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Re: Remington 700 Sendero I with long throat.

Kieth: I'd be carefull about that extra two or three grains of powder. Not saying it won't work for you, but move up slowly as that's a big jump and the pressure spike nearly squares itself.

I think the issue here is a compound thing that is rather common with Remington rifles. First thing I'd check is the actual chamber deminsions (not the throat!). I have seen many Remingtons that had the necks chambered almost .100" longer that the case spec. That can be a good thing as well as a bad thing. Of course you will almost never have to trim cases! (I like that part!) So brass flow is not a major issue with the exception of the "dreaded doughnut" in the neck. The next issue is that it appears that Remington is adding some freebore to the throat to further reduce recoil. My next step would be a chamber & throat cast just to see what is actually there. My guess is that you have a chamber with plenty of free bore cut in it.

If the rifle shoots good for you, I'd just live with it! Seat the bullets out to to what you consider to be safe in the neck, and have fun. The otherway (if you don't like the long throat) is to do a three thread setback on the barrel, and then rechamber to what you are after. This will take about .180" out of the throat (you could go .240" and take it all out). Myself, I'd live with it for awhile
gary
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Old 01-09-2011, 11:03 PM
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Re: Remington 700 Sendero I with long throat.

Quote:
Originally Posted by Trickymissfit View Post
Kieth: I'd be carefull about that extra two or three grains of powder. Not saying it won't work for you, but move up slowly as that's a big jump and the pressure spike nearly squares itself.

I think the issue here is a compound thing that is rather common with Remington rifles. First thing I'd check is the actual chamber deminsions (not the throat!). I have seen many Remingtons that had the necks chambered almost .100" longer that the case spec. That can be a good thing as well as a bad thing. Of course you will almost never have to trim cases! (I like that part!) So brass flow is not a major issue with the exception of the "dreaded doughnut" in the neck. The next issue is that it appears that Remington is adding some freebore to the throat to further reduce recoil. My next step would be a chamber & throat cast just to see what is actually there. My guess is that you have a chamber with plenty of free bore cut in it.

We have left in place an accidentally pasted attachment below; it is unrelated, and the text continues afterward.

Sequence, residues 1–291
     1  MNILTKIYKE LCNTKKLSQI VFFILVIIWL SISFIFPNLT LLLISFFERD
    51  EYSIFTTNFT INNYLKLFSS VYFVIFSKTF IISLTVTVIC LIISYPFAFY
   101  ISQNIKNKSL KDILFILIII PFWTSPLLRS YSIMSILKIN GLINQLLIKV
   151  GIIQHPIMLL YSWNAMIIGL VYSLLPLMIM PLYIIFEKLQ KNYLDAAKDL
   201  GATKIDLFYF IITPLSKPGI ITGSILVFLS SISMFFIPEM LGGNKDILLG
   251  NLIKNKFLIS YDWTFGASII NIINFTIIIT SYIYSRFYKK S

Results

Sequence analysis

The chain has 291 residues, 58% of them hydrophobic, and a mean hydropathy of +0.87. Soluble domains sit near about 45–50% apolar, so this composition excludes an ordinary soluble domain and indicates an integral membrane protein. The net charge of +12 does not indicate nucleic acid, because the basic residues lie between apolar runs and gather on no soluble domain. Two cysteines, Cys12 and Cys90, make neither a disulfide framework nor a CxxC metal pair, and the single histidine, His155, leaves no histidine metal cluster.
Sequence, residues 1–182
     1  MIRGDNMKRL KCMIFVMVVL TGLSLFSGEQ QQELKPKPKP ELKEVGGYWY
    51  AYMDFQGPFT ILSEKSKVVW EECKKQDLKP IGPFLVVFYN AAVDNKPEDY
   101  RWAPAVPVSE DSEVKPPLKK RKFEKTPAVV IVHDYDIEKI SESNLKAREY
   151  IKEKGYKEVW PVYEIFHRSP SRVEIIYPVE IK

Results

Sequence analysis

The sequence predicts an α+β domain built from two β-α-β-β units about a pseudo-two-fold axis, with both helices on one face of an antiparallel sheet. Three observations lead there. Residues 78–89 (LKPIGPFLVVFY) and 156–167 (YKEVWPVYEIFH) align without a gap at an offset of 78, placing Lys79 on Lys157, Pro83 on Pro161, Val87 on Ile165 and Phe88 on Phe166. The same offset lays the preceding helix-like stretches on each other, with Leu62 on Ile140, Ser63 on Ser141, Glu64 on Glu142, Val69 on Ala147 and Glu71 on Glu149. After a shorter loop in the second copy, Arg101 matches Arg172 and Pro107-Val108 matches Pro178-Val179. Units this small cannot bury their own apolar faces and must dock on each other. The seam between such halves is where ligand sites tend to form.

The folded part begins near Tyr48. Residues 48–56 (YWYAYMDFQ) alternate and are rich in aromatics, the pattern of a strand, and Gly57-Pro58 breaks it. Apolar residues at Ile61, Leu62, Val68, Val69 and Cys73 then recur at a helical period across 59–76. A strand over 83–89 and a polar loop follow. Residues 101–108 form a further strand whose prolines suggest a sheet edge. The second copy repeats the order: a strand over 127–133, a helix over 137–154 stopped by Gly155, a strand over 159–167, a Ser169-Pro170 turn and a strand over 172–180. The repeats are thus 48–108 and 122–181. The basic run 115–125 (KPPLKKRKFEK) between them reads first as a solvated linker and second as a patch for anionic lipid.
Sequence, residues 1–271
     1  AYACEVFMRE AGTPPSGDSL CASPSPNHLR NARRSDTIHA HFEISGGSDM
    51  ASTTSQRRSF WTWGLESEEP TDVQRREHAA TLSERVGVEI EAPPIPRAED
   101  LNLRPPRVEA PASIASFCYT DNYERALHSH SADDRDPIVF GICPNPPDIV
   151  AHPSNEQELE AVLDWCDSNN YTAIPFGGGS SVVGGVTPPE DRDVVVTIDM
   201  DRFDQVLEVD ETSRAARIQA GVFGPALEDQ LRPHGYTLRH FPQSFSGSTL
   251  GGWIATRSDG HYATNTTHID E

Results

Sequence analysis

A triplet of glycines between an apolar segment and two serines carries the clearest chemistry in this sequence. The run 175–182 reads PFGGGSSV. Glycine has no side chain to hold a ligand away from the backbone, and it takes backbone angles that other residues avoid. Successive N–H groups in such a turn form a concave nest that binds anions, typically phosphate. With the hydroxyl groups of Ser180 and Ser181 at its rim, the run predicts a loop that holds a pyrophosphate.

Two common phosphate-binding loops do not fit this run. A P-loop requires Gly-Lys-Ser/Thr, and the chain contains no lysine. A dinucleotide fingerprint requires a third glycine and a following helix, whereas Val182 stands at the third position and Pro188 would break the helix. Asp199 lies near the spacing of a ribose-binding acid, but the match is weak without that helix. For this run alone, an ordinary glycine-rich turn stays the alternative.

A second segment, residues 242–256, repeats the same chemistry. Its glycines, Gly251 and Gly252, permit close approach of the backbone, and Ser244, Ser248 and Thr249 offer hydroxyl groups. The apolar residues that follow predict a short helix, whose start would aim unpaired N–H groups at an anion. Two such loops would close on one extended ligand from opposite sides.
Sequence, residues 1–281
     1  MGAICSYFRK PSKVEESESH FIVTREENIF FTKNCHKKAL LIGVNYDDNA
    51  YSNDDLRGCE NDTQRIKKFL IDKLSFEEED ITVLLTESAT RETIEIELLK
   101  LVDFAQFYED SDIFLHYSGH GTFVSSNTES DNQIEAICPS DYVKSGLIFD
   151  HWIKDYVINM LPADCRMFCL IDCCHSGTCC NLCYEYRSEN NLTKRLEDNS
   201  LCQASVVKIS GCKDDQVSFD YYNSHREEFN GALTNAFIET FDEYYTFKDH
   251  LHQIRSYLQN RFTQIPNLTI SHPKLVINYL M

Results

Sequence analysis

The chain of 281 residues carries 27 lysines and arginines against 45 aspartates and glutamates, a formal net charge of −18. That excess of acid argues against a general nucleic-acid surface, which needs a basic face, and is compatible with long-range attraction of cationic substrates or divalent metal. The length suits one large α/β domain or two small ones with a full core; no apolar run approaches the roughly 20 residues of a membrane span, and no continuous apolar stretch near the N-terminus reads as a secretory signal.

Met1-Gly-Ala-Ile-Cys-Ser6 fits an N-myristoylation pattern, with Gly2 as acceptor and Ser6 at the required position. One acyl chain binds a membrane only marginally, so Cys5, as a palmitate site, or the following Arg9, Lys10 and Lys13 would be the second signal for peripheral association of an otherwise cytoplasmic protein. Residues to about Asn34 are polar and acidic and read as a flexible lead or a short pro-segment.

If the rifle shoots good for you, I'd just live with it! Seat the bullets out to to what you consider to be safe in the neck, and have fun. The otherway (if you don't like the long throat) is to do a three thread setback on the barrel, and then rechamber to what you are after. This will take about .180" out of the throat (you could go .240" and take it all out). Myself, I'd live with it for awhile
gary
+1 on the powder charge! It may HOLD 2-3 more grains but you don't want to put that much more in if you are any where near max to begin with....Rich